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Cardinal Law Partners.

Please Call One of Our board-certified Worker's compensation Specialists For a Free Consultation (833) 444-4127

  • Published: May 30, 2019
When “Light Duty” Is Really Not Light.

If you practice workers’ compensation law and represent injured workers, then it will not take long before you need to advise a client on light duty.

It becomes the same story every time. The worker suffers an injury while working. Someone from the employer tells the worker to seek treatment from the “company doctor” or some other physician that the workers’ compensation insurance company selects. Often before the cast comes off, or the scan results come back, or a specialist is consulted, the first doctor that the injured worker sees sends the worker back to the job on a “light duty” basis. A couple of things about light duty:

  1. Why does the employer want someone back on the job that cannot perform all of the normal job tasks because of their limitations? Often, it is not the employer that wants the injured worker back on the job. It is the insurance company. Also, from the employer’s point of view, paying the injured worker for some work is better than the insurance company paying benefits and making the employer’s insurance premiums increase.
  2. Most physicians that assign light duty restrictions to their patient have absolutely no idea what the injured worker is expected to do while performing their normal job duties. Physicians all too often feel that they are doing their patient good allowing them to return to do what they can. The problem, of course, is when the employer and injured worker disagree on whether the light duty job falls within the physician’s light duty restrictions.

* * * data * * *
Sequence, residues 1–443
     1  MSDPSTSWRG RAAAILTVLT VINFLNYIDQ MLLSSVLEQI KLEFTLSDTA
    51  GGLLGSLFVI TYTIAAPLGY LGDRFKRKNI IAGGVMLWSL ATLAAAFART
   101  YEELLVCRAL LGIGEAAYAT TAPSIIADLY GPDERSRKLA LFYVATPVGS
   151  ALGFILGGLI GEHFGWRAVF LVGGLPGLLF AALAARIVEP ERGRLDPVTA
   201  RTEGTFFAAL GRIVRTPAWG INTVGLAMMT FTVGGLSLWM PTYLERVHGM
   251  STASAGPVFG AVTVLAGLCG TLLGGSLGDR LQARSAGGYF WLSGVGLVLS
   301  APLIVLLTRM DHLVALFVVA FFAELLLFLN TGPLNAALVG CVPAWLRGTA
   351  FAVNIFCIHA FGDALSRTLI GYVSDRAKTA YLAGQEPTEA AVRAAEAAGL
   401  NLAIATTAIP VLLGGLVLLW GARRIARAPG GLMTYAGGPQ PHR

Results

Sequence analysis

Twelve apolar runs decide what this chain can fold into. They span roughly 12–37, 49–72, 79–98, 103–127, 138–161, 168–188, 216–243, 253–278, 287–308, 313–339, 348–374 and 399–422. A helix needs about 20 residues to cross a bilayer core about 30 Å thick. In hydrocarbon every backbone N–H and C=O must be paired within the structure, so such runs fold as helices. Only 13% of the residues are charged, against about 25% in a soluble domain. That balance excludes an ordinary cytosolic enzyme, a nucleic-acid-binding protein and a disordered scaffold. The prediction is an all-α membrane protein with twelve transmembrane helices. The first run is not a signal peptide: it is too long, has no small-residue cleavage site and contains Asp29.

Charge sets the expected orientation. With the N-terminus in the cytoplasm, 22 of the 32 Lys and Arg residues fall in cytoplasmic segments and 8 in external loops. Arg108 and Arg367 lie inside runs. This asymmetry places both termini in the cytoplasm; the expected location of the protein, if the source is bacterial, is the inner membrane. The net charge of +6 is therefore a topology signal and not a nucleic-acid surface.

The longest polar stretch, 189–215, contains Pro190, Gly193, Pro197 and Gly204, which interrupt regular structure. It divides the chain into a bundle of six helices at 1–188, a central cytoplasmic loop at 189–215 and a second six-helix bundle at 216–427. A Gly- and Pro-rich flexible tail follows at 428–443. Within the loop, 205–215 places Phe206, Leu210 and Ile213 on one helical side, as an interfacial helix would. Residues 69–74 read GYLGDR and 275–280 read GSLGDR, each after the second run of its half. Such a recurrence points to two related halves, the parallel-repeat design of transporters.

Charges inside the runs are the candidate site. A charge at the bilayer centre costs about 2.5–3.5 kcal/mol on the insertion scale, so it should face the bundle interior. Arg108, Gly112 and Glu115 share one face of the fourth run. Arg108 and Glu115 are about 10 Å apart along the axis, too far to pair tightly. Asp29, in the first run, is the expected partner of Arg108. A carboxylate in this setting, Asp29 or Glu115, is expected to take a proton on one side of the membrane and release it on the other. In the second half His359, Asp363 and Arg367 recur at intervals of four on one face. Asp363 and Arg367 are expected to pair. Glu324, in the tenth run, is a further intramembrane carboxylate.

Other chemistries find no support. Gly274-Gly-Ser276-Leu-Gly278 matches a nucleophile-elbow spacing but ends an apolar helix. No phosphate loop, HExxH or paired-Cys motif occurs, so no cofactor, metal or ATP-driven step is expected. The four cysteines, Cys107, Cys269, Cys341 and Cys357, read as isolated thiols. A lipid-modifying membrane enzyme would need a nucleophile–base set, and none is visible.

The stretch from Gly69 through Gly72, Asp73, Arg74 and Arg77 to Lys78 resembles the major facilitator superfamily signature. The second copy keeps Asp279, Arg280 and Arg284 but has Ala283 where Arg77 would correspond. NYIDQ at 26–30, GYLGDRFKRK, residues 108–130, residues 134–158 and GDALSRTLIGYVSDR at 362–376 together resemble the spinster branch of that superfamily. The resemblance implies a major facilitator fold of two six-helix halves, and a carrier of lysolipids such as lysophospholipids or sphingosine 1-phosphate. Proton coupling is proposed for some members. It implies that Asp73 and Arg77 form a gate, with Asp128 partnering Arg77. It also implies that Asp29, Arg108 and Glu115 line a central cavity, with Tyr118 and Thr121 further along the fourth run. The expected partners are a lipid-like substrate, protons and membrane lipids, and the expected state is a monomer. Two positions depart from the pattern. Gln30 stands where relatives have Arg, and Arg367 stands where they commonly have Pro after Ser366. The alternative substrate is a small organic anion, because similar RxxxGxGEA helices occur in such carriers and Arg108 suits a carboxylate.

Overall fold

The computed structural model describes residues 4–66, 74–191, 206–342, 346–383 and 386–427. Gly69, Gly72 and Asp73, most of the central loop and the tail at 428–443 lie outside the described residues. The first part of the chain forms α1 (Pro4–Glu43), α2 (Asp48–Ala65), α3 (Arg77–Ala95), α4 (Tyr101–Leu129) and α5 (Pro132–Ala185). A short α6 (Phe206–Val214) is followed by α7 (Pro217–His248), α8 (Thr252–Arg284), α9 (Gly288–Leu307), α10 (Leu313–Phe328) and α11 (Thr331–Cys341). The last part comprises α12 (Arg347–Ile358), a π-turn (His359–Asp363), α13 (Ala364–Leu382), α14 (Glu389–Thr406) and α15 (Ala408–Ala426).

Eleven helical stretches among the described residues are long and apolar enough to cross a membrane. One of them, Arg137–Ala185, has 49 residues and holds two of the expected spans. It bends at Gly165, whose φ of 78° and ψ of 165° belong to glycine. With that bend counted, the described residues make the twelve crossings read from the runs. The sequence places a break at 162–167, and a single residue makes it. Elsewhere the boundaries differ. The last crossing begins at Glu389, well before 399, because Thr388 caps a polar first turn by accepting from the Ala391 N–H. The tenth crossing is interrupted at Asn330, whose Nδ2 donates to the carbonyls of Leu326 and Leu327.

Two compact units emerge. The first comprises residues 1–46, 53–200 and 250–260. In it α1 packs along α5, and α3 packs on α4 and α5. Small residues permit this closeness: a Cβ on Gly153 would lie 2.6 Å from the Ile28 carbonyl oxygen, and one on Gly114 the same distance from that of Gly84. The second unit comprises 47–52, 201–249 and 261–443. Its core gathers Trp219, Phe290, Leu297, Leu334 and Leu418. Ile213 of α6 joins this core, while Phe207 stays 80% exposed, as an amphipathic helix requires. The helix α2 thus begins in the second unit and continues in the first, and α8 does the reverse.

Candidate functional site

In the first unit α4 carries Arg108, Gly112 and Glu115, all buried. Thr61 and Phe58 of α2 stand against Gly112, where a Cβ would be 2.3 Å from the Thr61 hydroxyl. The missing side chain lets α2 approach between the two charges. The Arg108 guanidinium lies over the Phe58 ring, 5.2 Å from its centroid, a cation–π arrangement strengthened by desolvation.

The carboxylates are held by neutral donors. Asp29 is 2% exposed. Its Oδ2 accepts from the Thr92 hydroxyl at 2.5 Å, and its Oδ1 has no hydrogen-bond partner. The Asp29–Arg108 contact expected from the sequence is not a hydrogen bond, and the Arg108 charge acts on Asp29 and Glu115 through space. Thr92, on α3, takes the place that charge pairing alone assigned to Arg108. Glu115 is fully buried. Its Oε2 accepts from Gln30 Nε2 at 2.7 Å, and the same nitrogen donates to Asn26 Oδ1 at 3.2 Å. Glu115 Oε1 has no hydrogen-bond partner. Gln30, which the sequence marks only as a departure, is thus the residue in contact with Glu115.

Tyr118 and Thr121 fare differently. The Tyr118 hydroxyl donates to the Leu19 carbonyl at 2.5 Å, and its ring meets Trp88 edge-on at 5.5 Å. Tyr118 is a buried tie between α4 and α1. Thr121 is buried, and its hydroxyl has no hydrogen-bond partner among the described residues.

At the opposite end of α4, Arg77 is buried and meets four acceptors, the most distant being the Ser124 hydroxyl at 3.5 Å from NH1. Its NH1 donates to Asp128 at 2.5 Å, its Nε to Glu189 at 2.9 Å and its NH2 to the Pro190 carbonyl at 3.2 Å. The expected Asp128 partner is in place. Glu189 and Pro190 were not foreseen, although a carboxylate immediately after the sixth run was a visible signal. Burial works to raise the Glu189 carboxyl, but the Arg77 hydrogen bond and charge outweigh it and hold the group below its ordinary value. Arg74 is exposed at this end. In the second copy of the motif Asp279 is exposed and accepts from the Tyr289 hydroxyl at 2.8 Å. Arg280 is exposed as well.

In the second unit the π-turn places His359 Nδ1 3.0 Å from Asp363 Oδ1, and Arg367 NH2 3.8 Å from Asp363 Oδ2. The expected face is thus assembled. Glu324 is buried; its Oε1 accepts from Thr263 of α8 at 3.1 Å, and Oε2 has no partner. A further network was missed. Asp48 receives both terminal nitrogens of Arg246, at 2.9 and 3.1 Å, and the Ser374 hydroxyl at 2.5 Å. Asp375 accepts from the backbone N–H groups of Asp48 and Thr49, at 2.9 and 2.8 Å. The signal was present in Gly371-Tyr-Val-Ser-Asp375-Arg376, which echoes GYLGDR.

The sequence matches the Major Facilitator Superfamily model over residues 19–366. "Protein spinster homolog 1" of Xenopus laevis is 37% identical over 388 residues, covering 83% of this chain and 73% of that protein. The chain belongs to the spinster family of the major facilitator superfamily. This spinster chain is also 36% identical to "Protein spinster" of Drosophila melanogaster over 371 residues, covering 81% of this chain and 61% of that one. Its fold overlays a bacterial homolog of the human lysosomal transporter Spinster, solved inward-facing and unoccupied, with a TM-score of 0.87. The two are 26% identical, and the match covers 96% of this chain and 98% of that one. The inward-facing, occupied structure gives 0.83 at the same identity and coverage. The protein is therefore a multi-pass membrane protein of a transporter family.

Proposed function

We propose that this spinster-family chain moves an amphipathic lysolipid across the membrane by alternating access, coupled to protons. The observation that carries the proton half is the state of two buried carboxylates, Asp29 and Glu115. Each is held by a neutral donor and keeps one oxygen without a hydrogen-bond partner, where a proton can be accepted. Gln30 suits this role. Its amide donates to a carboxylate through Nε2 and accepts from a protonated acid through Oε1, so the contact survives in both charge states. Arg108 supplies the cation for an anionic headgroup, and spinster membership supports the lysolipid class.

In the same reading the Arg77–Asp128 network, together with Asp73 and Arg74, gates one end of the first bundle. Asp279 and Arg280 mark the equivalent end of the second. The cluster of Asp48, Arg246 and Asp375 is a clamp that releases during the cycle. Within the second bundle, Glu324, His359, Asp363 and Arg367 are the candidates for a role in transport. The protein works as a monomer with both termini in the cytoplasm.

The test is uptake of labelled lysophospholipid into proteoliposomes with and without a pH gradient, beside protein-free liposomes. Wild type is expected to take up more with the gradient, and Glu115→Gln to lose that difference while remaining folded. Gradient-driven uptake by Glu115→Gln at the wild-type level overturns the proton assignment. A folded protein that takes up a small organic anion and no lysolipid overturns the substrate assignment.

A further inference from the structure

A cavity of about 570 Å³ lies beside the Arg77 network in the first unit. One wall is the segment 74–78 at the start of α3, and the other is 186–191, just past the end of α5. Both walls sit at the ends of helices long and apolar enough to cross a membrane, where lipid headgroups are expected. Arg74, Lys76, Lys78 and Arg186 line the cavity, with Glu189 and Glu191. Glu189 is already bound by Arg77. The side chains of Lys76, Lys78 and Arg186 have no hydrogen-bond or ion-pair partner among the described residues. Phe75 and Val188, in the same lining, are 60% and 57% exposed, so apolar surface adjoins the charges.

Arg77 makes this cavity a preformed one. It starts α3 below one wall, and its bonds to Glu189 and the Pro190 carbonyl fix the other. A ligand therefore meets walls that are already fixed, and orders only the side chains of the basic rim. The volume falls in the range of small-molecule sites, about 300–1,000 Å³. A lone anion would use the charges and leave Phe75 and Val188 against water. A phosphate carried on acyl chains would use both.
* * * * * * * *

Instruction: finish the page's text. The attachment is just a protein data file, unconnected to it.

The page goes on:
3. NC workers’ compensation law changed in 2011 so that physicians are supposed to review and approve a light duty job description before the injured worker returns to work. Rather than just assigning restrictions, physicians should be reviewing what the employer might have available for the injured worker and reviewing the position’s duties to determine suitability. This protection for the injured worker does not happen very often, but every injured worker facing light duty should demand that a job description be provided for any offered light duty position.

I wanted to end this post on a positive note and provide an anecdote about a physician that has no tolerance for employer nonsense. Over the years, I have seen where employers move a light duty worker into the company’s industrial freezer to “take inventory” all day long. I have seen employer place their light duty worker outside in the 90 degree heat to sit without shade. I have seen where the employer uses the company security cameras to tape the worker hoping they make a mistake. The employers will not mind if the injured worker just quits because their argument against paying benefits for out of work time is solid – the injured worker refused light duty when it was made available.

Recently on one of our cases an employer brought back an injured worker with restrictions of “sit down work only” to a light duty job. The problem for the worker is that the employer provided a table that required the worker to stand. The employer thought it would be funny to provide a chair low to the ground rather than a stool that worked with the table. With the help of Megan Callahan, our client took a picture of the predicament and showed his doctor. The doctor became furious and wrote the injured worker out of work completely – a result that allows our client time to heal and recover.

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